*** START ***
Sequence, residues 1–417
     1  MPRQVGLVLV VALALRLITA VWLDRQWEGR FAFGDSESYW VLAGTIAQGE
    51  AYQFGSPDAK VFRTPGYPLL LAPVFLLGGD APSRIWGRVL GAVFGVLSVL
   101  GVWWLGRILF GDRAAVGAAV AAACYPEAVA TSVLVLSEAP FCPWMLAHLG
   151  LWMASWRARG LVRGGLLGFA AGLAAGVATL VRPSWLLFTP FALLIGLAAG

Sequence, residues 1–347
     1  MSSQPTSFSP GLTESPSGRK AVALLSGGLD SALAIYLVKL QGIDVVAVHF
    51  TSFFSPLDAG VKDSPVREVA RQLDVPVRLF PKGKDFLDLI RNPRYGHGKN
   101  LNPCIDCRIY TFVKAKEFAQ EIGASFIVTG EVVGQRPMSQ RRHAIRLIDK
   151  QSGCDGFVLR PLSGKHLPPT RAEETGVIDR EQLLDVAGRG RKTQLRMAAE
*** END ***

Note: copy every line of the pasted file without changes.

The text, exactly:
Sequence, residues 1–417
     1  MPRQVGLVLV VALALRLITA VWLDRQWEGR FAFGDSESYW VLAGTIAQGE
    51  AYQFGSPDAK VFRTPGYPLL LAPVFLLGGD APSRIWGRVL GAVFGVLSVL
   101  GVWWLGRILF GDRAAVGAAV AAACYPEAVA TSVLVLSEAP FCPWMLAHLG
   151  LWMASWRARG LVRGGLLGFA AGLAAGVATL VRPSWLLFTP FALLIGLAAG

Sequence, residues 1–347
     1  MSSQPTSFSP GLTESPSGRK AVALLSGGLD SALAIYLVKL QGIDVVAVHF
    51  TSFFSPLDAG VKDSPVREVA RQLDVPVRLF PKGKDFLDLI RNPRYGHGKN
   101  LNPCIDCRIY TFVKAKEFAQ EIGASFIVTG EVVGQRPMSQ RRHAIRLIDK
   151  QSGCDGFVLR PLSGKHLPPT RAEETGVIDR EQLLDVAGRG RKTQLRMAAE